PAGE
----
In some embodiments, the value-generating module 302 can also generate random values according to an unknown or unexpected distribution. For example, computers and software have been known in the past to have biases, sometimes unexpected, in their random number generators. These biases can result in the generation of random values that are either not truly random or that do not conform to the anticipated distribution, e.g., a uniform, normal, or other distribution. In some embodiments, the sampling generator can set the window according to any known distribution such that the probability of any given value generated will have the desired probability of falling within the window. Additionally, the range can be set based on an empirically-determined frequency of values generated, for example by estimating the empirical distribution for the numbers tested over a window in time such that it will more accurately reflect the true distribution of the sample values that are received. The sampling range-generating module 304 can adjust the size of window based on known patterns or rates of requests for updates. After setting a range, the sampling range-generating module 304 can collect information regarding how many people actually test the update (e.g., it can keep track of the number of downloads), and so the module 304 can build statistical data as it is in operation to determine if oversampling or undersampling is occurring. Therefore, it does not necessarily matter what values are generated or according to what distribution since the sampling range generator can adjust for this.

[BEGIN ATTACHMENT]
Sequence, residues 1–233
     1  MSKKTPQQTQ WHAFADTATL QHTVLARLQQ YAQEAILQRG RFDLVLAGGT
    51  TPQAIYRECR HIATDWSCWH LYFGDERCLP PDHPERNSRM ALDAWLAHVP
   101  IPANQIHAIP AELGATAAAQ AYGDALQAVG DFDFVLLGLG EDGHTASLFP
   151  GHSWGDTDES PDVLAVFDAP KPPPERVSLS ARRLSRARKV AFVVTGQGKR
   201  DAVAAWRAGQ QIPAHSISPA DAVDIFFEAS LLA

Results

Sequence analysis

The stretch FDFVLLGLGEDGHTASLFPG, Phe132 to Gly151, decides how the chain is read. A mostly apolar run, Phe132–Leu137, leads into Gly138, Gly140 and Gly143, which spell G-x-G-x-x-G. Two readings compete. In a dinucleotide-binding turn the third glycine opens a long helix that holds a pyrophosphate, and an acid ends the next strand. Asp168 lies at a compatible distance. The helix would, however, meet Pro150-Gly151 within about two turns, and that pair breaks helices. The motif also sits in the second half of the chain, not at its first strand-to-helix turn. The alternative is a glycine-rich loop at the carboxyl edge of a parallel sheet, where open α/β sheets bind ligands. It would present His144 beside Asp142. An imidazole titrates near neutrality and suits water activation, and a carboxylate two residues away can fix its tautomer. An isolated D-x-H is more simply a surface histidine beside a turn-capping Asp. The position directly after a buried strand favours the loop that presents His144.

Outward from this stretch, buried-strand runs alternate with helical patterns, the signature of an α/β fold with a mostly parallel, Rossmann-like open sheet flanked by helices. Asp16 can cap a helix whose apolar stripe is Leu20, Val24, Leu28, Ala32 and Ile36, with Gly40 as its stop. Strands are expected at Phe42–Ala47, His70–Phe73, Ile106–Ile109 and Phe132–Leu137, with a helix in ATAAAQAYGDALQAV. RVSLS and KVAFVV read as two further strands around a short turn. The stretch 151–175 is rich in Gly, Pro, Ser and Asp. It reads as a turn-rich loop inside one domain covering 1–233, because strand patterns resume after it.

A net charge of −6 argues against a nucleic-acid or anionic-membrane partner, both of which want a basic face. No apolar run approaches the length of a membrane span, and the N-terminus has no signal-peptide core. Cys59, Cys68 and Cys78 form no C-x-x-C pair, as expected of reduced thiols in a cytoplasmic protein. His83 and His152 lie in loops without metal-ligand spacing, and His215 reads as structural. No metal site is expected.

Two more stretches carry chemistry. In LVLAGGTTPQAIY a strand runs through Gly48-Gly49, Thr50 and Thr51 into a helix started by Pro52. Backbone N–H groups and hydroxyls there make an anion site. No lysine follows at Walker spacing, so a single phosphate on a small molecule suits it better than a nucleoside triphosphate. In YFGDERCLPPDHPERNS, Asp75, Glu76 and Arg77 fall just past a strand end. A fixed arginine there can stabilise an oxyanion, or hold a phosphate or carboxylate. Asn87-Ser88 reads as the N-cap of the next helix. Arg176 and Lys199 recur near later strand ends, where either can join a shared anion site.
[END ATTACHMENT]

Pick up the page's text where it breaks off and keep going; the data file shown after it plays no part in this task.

The eligibility determination module 306 determines whether the computer 110 is eligible to receive a software update. The computer 110 is determined to be eligible when the random value for the computer 110 falls within the sampling range. Thus, the eligibility determination module 306 determines whether or not the value for each computer 110 falls within the sampling range. In some embodiments, the module 306 first determines whether there is a sampling range set for a particular update, and if so, what the range is. The eligibility determination module 306 can make its determination each time software updates are available by asking each client computer 110 for its random value, and then checking to see if the value falls within the sampling range. In some embodiments, the eligibility determination module 306 responds to requests by a client computer 110 for an update, and the module 306 asks the computer 100 for its generated value or the computer 110 automatically provides the value when seeking an update.
In some embodiments, the eligibility determination module 306 runs on a server 116 and, thus the server 116 can determine whether or not a client computer 10 should receive an update. Alternatively, the module 306 can run on the client computers 110, and each client 110 can determine if it is eligible for receiving a patch (and can refuse the patch if it is not eligible).
The update module 308 provides the software update to the computer 110 based on the eligibility determination. In some embodiments, after receiving notification from the eligibility determination module 306 that a computer 110 is eligible to receive an update, the update module 308 will make the update available to the computer 110 so the update can be downloaded by the user. In other embodiments, the update module 308 automatically downloads and installs those changes on the computer 10 if the user has configured the computer 110 to allow these automatic installations.
In some embodiments, the eligibility determination module 306 only finds the computer 110 eligible to receive certain parts of the update. The user may only be permitted to download a particular portion of the update package (i.e., if it is determined that the user is running other software that may conflict with a portion of the update). In the case of automatic updates, the eligibility module can notify the update module 308 of which parts of the update a computer 110 should receive, and the update module 308 automatically downloads and installs those changes.